Great Expectations

My name is Mark Smith. I'm a guy who loves Jesus, His Word, and His Church. I am filled with Great Expectations for what the future will ultimately bring - Matthew 24:14.

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Location: Sudbury, Ontario, Canada

My favourite verse is Psalm 16:11, my other favourite verse is Acts 20:24, my other favourite verse is Habakkuk 3:17-19, and my other favourite verse is Matthew 24:14.

Friday, April 04, 2008

Tim Keller

I heard Tim Keller speak at the Desiring God National Conference a couple years ago and it was a great message. So I'm excited to get his book, The Reason For God, in the mail soon. I've also been excited to listen to a couple of his talks given at Universities as part of the release of his book. One I listened to a couple of Saturdays ago was very interesting and good - I especially liked his comments about the so-called "Problem of Evil".

Keller basically said that no serious philosophers use the "Problem of Evil" to try to disprove God's existence anymore. The reason for this is that Alvin Plantinga has given an answer to the problem that no other philosopher can refute. Here is how it goes.

The argument:

If God is all powerful and all good, why is there so much meaningless suffering in the world?

The fact that there is so much meaningless suffering in the world proves that there is no God. (Doesn't it?)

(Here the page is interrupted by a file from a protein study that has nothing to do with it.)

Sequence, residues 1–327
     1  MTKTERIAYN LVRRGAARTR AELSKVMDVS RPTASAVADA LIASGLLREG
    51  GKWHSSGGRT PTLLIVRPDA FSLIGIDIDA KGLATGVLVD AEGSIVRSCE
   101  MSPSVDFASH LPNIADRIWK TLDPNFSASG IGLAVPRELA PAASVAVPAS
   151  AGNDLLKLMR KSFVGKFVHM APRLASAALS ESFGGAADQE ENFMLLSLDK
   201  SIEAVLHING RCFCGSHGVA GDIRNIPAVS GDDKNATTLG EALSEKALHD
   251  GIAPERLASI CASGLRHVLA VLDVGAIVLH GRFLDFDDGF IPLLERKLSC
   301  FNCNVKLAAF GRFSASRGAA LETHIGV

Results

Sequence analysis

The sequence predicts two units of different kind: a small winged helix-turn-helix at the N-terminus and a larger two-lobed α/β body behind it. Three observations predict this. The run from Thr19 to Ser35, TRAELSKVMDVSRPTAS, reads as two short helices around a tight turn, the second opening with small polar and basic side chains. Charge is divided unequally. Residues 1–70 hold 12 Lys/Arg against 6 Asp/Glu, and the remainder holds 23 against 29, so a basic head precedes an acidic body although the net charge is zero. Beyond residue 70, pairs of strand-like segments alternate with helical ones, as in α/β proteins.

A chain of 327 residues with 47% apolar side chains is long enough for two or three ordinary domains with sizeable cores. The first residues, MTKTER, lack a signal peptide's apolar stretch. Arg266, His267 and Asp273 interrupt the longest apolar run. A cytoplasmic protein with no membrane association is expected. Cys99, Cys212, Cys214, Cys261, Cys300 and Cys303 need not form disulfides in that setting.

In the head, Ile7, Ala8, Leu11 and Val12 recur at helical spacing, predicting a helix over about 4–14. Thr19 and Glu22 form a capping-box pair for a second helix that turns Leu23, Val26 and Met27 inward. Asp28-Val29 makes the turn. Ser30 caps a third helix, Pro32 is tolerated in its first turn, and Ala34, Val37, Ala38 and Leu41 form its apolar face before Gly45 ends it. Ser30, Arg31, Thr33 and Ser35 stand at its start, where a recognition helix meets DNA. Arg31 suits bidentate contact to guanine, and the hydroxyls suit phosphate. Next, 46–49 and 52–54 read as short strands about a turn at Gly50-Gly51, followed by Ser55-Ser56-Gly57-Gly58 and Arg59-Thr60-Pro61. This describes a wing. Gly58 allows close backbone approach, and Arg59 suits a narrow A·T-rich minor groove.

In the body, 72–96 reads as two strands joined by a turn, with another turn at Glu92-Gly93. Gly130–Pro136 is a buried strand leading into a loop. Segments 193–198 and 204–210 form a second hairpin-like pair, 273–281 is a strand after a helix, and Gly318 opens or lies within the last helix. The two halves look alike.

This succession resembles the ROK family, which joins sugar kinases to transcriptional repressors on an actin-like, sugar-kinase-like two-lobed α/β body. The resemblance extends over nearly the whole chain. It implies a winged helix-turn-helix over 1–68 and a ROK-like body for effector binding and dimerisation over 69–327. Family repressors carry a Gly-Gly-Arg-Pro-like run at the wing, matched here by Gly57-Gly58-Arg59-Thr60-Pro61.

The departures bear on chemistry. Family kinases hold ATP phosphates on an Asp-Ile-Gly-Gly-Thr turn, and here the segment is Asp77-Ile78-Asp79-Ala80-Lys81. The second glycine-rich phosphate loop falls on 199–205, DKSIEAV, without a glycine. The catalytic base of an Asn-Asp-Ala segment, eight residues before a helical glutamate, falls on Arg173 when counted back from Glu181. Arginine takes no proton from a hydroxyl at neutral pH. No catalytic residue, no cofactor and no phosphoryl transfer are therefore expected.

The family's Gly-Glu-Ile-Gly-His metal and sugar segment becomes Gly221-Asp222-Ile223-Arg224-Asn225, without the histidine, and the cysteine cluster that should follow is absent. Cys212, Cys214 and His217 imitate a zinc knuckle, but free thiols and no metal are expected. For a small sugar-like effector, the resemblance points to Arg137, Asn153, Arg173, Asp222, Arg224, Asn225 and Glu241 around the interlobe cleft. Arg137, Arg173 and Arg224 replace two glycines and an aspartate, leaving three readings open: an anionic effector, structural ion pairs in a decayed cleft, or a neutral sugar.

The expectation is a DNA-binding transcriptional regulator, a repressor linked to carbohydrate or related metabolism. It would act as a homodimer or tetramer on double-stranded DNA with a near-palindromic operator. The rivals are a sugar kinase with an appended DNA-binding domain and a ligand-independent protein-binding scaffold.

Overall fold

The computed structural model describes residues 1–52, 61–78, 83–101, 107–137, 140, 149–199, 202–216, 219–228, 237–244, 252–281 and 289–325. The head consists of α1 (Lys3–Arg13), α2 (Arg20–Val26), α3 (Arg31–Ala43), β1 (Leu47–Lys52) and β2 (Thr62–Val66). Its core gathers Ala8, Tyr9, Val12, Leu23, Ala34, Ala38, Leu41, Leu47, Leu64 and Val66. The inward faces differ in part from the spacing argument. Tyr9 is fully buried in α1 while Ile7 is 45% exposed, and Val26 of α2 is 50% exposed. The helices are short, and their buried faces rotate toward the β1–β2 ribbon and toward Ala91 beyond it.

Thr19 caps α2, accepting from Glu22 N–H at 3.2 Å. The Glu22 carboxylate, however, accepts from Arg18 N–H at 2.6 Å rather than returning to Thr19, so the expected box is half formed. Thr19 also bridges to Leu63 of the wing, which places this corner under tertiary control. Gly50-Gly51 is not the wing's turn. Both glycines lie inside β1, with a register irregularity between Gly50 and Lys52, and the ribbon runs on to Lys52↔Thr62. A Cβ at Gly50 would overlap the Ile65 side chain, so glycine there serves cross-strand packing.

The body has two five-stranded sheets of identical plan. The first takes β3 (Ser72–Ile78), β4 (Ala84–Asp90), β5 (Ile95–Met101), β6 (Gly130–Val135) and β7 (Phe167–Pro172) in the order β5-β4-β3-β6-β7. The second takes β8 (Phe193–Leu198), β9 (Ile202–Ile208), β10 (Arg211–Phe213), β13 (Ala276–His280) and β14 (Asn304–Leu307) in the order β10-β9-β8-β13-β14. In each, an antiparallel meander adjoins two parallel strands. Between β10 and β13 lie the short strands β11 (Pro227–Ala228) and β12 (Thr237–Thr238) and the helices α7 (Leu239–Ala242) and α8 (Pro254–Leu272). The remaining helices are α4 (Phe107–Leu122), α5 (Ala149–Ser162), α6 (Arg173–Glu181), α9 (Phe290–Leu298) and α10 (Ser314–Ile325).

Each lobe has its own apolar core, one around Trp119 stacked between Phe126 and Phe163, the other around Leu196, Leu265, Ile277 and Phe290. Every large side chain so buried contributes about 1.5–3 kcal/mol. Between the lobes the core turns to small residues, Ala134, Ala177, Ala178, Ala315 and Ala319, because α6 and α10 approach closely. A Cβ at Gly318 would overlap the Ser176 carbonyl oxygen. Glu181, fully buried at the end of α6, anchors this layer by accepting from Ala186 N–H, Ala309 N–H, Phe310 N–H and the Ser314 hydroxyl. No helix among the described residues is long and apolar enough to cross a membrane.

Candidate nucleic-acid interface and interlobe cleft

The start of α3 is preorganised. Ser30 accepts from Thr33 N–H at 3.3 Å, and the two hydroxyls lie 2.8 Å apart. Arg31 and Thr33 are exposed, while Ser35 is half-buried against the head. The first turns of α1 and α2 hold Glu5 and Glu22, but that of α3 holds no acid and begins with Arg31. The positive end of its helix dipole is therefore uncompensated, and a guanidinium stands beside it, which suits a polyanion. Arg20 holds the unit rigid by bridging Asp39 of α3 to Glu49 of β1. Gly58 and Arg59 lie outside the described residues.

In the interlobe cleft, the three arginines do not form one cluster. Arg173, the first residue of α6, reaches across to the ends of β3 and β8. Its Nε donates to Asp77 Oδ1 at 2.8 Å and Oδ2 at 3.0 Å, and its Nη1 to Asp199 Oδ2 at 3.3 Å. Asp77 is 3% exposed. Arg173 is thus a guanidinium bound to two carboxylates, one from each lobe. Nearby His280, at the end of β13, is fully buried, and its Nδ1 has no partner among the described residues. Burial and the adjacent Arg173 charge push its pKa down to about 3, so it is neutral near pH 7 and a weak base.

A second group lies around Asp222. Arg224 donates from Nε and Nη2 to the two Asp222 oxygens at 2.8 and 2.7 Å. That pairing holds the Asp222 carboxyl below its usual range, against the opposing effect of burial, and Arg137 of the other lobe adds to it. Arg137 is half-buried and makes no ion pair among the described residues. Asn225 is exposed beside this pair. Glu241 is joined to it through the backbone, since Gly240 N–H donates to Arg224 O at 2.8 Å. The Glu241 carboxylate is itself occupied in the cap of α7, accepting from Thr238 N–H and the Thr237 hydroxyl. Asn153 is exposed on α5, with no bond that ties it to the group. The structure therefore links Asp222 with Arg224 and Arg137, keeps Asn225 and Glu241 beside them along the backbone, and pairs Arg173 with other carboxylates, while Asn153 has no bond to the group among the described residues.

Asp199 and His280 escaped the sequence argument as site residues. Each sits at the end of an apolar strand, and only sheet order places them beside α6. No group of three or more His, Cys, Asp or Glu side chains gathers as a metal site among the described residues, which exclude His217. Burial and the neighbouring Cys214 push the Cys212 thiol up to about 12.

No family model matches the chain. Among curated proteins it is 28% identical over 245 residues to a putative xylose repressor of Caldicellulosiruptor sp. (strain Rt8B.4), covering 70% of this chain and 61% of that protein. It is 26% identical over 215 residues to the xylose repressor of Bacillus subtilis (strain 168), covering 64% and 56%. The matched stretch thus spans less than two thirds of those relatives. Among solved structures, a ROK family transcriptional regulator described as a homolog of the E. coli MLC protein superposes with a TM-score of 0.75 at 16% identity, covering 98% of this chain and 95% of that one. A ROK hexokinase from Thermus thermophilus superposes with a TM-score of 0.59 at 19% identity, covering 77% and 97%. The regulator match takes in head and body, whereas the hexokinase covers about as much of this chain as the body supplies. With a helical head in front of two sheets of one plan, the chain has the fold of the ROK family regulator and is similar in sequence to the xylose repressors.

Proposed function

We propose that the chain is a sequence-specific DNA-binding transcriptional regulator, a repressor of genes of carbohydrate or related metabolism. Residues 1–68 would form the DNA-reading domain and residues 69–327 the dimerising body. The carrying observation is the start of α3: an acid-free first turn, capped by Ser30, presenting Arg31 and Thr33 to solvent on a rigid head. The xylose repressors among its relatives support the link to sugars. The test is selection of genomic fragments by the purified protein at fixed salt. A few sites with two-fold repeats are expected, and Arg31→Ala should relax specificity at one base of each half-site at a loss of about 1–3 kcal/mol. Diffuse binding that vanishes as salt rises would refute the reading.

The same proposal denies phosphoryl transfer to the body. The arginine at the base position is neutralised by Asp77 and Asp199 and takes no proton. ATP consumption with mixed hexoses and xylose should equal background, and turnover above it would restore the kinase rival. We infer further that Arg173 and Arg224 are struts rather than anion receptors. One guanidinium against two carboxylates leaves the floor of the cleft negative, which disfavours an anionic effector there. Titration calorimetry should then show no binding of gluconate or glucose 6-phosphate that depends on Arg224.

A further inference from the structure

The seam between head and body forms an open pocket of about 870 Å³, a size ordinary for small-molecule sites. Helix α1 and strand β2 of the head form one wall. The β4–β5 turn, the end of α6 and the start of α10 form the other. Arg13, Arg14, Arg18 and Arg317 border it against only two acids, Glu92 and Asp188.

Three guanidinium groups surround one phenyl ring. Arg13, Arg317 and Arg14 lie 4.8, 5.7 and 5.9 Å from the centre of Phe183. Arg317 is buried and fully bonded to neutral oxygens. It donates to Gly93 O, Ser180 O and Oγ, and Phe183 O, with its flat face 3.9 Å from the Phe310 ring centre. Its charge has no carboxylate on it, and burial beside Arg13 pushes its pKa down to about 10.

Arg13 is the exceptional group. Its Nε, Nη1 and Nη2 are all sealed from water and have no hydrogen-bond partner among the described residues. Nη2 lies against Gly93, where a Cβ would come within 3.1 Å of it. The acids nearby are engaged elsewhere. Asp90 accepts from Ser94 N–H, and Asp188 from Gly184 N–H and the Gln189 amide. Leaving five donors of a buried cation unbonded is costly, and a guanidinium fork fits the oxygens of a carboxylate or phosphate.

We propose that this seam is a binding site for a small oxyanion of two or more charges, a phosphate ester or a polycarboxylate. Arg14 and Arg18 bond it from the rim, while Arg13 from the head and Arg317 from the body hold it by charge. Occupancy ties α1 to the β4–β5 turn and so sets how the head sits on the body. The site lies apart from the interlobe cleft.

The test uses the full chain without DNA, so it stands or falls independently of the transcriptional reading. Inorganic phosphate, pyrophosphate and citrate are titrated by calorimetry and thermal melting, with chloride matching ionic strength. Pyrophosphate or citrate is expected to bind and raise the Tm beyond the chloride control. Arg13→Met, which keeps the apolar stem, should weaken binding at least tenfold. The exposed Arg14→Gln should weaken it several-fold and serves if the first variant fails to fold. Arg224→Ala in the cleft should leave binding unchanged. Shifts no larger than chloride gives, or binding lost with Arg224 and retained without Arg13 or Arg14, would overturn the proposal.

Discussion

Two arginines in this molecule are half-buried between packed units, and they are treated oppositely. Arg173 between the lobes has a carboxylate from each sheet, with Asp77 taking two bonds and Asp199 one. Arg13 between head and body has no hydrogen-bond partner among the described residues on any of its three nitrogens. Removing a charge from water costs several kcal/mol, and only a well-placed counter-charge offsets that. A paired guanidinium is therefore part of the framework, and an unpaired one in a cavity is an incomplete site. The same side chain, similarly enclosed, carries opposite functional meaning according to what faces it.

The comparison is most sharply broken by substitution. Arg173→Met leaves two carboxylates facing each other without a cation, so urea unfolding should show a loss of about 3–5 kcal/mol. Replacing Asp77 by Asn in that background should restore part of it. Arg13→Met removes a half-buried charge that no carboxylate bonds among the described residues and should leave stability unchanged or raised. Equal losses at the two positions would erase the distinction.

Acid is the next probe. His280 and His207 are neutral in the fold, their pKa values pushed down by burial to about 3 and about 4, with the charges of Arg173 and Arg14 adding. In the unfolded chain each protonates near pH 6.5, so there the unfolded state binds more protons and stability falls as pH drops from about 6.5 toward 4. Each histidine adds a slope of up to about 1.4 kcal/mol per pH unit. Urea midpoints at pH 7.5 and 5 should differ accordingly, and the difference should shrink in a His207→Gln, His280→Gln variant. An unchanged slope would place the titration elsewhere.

The answer:

Just because we cannot see a good reason for there being so much suffering in the world does not mean that there is no good reason for it. God is smarter than us and He may have a reason for suffering that we cannot see since we are not God. There you go. Problem solved. :)

He gives a story to go along with it that goes like this:

Suppose I had a tent and asked someone to come and look inside it to tell me if there are any dogs in it. If someone looks inside the tent and saw that there was no dogs, we could pretty much be sure that there are no dogs in the tent. But what if I asked the same person to look inside the tent to tell me if there are any no-see-ums (those nasty little bugs that are so small you can't see them) in the tent. If someone looks in the tent and says that there are no no-see-ums in the tent, can we all be sure that there are no no-see-ums in the tent? Of course not. Even if there were, we cannot see them. Similarly, just because we look at suffering in general, or one particular case of suffering, and cannot see any reason for God allowing it, it does not mean that there are no good reasons for it. God can see no-see-ums, and God can see reasons for allowing what He allows.

Of course, that takes care of the philosophical problem. The emotional problem is deeper in many ways - but God answers that too. See this article.


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